School of Medicine
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Florette K. Gray Hazard
Associate Professor of Pathology and of Pediatrics
Current Research and Scholarly InterestsMy scholarly pursuits are primarily focused on the study of death and disease in the pediatric population. It is through this work that I am able to explore fundamental concepts of neoplasia, such as histogenesis and mutagenesis, while utilizing a variety of investigational techniques.
Professor of Pathology
Current Research and Scholarly InterestsI work as a diagnostic surgical pathologist doing translational research in renal neoplasia and medical renal disease and neoplastic and medical liver disease. Subspecialty areas of clinical interest include diagnostic immunohistochemistry, renal, hepatic and transplant pathology.
Marie Hollenhorst, MD, PhD
Clinical Instructor, Pathology
Clinical Instructor, Medicine - Hematology
BioDr. Hollenhorst is a physician and scientist with expertise in non-malignant hematology, transfusion medicine, and chemical biology. Dr. Hollenhorst values the one-on-one relationships that she forms with her patients, and strives to deliver the highest quality of care for individuals with blood diseases. Her experience caring for patients drives her to ask scientific questions in the laboratory, where she aims to bring a chemical approach to the study of non-malignant blood disease.
Dr. Hollenhorst pursued combined MD and PhD training at Harvard University, where she received a PhD in Chemical Biology under the mentorship of Professor Christopher T Walsh. She subsequently completed a residency in Internal Medicine at Brigham and Women's Hospital, a fellowship in Transfusion Medicine at Harvard Medical School, and a fellowship in Hematology at Stanford.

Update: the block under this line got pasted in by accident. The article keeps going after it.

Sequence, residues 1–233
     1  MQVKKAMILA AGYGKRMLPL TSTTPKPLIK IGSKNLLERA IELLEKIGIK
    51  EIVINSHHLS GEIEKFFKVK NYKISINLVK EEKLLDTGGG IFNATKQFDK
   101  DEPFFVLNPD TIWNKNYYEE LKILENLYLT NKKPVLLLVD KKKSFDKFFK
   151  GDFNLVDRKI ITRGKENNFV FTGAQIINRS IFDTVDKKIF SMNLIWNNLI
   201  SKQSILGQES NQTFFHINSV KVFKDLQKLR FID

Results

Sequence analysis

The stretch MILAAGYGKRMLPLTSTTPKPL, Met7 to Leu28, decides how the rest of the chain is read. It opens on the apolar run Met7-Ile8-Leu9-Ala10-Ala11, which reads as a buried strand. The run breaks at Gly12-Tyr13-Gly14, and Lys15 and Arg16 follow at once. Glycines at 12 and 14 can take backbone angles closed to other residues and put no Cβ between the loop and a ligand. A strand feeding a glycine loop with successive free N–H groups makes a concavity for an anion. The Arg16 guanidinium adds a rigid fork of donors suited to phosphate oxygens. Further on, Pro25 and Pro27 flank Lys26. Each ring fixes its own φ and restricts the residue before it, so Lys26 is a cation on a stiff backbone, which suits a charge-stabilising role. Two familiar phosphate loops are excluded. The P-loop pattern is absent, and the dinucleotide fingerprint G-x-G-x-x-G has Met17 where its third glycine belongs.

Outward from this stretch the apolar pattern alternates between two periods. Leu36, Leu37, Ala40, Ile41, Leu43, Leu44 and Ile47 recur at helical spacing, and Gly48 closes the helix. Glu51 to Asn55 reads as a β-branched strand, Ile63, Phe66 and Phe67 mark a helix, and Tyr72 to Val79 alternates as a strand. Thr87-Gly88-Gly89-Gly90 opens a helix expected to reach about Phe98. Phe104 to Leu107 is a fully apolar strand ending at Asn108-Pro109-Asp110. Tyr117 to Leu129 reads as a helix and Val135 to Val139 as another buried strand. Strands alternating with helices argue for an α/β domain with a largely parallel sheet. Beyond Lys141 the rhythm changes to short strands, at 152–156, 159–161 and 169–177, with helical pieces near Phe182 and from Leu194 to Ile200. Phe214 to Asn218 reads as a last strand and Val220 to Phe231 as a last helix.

Dr. Hollenhorst has an interest in the biology of platelets, which are cellular fragments that help the blood to maintain a healthy balance between bleeding and clotting. Working in the laboratory of Professor Carolyn Bertozzi of Stanford Chemistry, Dr. Hollenhorst is studying sugar molecules found on the surface of platelets that are important in controlling their function and lifespan.
Dr. Hollenhorst's research is supported by an NIH K99 Career Pathway to Independence in Blood Science Award for Physician-Scientists, a Stanford Chemistry, Engineering & Medicine for Human Health Physician-Scientist Fellowship, and a National Blood Foundation Early-Career Scientific Research Grant.
Jody Elizabeth Hooper
Associate Professor of Pathology
Current Research and Scholarly InterestsI have a number of research interests associated with my autopsy work, including how the time interval between death and collection (the PMI) affects the condition and research viability of the collected tissue, how valuable blood and tissue cultures behave after death, and how autopsy results affect clinical practice in an established information loop. I have projects exploring physician and family attitudes towards autopsy and the utilization of rapid autopsy tissue in characterizing cancer evolution from genetic and immunologic standpoints.
Professor (Clinical) of Pathology, Emeritus
Current Research and Scholarly InterestsNeuropathology of:
1. Neurodegenerative diseases
2. Neurodevelopmental disorders
3. CNS neoplasms
4. Nerve & muscle diseases
Associate Professor of Pathology
BioDr. Howitt is a gynecologic and sarcoma pathologist, with academic interests in gynecologic mesenchymal tumors and morphologic and clinical correlates of molecular alterations in gynecologic neoplasia.
Chris C.S. Hsiung
BioChris Hsiung, M.D., Ph.D., is a physician-scientist developing methods to study the combinatorial functions of genes and genomic regulatory elements in specifying cell states.